I bought a decent used pre-safety 336 a couple of years ago, my first, and while it worked perfectly and shot acceptably well, it was as heavy as a couple of commercial 98s, and the finish was mediocre, just like the 1894 and a couple of 39s I owned before. My curiosity has been satisfied and I’ll stick to bolt actions, falling blocks, and maybe an AR or two. Hell, my Henry SS, a .357, is much better-finished, with seriously nice wood, and cost much much less than a beater 336 brings, about 1/2 or less than new levergun costs. I suppose older Marlins from the 50s or thereabouts, along with Winchesters from the same era are nicer, and worth the price, but I think I’m done with all of them.

For most of my life they made a lot of sense for me and I did well with them. But anymore as the big northern woods I hunt matures I'm getting more and more opportunities beyond 200 yards. Of course since it is maturing I get way less opportunities but more of those are at long range. So I'm trying to wean myself off of lever actions and just become a bolt guy for the most part too
200 yard shots don't faze me with my .30-30. I've shot several deer between 200 and 250 yards and killed every one with a single shot but 250 is about my comfortable limit. The last couple seasons I've been hunting a new spot with longer shot possibilities {out to 400 ish} so have been taking one of my bolt guns. Last season I killed one at 285 with my .243 and the season before one at 270 with my 6.5 Creedmoor. The most amazing thing is both were killed with a single shot, no dialing needed and my crappy Leupold scopes steered my bullets exactly where I intended. That and the 270 yarder was killed 28 minutes after sunset, just 2 minutes before the buzzer without 2000.00 "alpha glass" or an illuminated reticle. Talk about miracles huh ? LOL !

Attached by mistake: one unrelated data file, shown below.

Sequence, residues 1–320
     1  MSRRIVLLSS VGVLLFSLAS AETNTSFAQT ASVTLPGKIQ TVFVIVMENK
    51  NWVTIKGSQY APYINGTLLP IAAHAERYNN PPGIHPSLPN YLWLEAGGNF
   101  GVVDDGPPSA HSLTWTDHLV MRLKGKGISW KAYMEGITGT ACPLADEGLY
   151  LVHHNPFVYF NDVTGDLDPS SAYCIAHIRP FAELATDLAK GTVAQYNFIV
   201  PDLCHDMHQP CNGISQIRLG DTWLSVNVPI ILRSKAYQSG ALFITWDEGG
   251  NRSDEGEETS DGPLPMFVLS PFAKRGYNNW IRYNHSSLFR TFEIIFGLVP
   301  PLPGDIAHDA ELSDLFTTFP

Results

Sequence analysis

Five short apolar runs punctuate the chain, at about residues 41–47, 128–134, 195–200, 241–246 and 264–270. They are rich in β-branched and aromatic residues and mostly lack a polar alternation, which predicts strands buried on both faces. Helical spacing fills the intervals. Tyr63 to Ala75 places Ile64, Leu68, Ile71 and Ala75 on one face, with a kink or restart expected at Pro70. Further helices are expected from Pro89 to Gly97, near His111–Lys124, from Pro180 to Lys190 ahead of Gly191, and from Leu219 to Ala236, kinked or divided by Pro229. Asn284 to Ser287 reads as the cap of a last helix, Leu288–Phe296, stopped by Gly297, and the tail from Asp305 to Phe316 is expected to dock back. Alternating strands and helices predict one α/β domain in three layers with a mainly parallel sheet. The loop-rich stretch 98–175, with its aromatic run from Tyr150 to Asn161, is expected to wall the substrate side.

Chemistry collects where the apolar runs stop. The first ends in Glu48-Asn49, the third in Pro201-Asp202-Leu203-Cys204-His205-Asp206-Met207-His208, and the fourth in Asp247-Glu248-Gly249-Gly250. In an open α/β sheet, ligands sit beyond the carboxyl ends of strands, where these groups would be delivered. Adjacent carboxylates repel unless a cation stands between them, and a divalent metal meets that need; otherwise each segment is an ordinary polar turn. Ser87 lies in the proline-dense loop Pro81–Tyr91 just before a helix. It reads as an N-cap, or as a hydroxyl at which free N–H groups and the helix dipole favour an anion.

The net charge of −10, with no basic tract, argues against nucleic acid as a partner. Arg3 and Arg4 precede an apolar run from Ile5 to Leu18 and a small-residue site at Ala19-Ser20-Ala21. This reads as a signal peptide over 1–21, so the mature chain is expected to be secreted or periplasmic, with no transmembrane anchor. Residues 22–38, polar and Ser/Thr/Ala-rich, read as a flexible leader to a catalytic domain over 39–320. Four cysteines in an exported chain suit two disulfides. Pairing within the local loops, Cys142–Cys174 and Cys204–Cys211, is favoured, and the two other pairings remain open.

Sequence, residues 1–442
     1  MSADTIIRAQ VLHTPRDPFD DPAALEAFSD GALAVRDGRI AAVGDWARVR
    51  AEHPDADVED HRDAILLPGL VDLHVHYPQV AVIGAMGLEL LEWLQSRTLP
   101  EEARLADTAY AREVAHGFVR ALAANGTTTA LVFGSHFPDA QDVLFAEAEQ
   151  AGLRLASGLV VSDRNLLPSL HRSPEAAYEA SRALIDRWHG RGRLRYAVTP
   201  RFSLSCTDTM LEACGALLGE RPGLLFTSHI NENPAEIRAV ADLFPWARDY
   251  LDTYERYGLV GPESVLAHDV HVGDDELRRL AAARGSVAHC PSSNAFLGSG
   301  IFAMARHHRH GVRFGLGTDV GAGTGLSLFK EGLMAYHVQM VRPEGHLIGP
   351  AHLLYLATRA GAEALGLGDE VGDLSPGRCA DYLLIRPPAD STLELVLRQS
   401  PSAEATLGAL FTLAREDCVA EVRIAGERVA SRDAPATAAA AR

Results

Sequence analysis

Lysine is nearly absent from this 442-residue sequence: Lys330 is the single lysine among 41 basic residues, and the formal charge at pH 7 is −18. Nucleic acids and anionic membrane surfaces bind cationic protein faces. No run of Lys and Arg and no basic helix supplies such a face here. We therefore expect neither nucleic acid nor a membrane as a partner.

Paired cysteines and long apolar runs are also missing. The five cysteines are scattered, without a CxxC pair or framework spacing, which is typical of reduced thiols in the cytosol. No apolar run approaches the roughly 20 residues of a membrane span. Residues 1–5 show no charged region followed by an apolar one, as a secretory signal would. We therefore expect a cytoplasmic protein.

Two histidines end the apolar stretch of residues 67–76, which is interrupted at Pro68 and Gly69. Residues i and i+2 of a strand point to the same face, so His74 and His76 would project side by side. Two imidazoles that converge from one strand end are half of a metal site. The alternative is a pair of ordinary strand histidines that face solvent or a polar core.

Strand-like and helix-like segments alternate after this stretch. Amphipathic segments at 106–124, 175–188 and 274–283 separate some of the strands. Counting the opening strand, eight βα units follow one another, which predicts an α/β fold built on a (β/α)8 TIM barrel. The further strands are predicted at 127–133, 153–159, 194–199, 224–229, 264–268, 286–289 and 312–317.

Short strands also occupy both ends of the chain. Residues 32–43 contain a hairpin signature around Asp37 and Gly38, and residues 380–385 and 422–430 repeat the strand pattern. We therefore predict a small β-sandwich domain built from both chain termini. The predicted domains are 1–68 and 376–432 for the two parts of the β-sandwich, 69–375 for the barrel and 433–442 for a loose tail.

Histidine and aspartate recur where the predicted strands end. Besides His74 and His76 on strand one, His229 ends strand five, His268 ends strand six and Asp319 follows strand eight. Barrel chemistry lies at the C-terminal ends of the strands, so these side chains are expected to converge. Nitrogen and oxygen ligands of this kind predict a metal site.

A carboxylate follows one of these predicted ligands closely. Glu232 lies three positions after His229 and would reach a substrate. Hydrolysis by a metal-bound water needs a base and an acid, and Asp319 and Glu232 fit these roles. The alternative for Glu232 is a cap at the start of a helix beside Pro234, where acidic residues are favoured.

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During the off season last year, the DNR bush-hogged most of the head-high weed fields on the local WMA, disked them up and planted food plots. Now, depending on where I sit, shots can be as long as nearly 300, though the terrain might interfere with the view. Lost a lot of bedding cover, but gained the opportunity to watch a bunch of grab-ass activity during the rut. All things considered, an improvement, and I’m thinking the turkeys will like the new strutting grounds.

Previously, 50 yards was about as far as deer could be seen from the ground for the most part.


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Originally Posted by Blackheart
Originally Posted by moosemike
Originally Posted by Pappy348
It’s simply more expensive to produce lever actions than ARs or Tupperware®️ bolt-actions. Used prices are driven by nostalgia to some degree, maybe TV, but also by the prices of new ones and limited availability, plus the expectation that older one will work properly.

I bought a decent used pre-safety 336 a couple of years ago, my first, and while it worked perfectly and shot acceptably well, it was as heavy as a couple of commercial 98s, and the finish was mediocre, just like the 1894 and a couple of 39s I owned before. My curiosity has been satisfied and I’ll stick to bolt actions, falling blocks, and maybe an AR or two. Hell, my Henry SS, a .357, is much better-finished, with seriously nice wood, and cost much much less than a beater 336 brings, about 1/2 or less than new levergun costs. I suppose older Marlins from the 50s or thereabouts, along with Winchesters from the same era are nicer, and worth the price, but I think I’m done with all of them.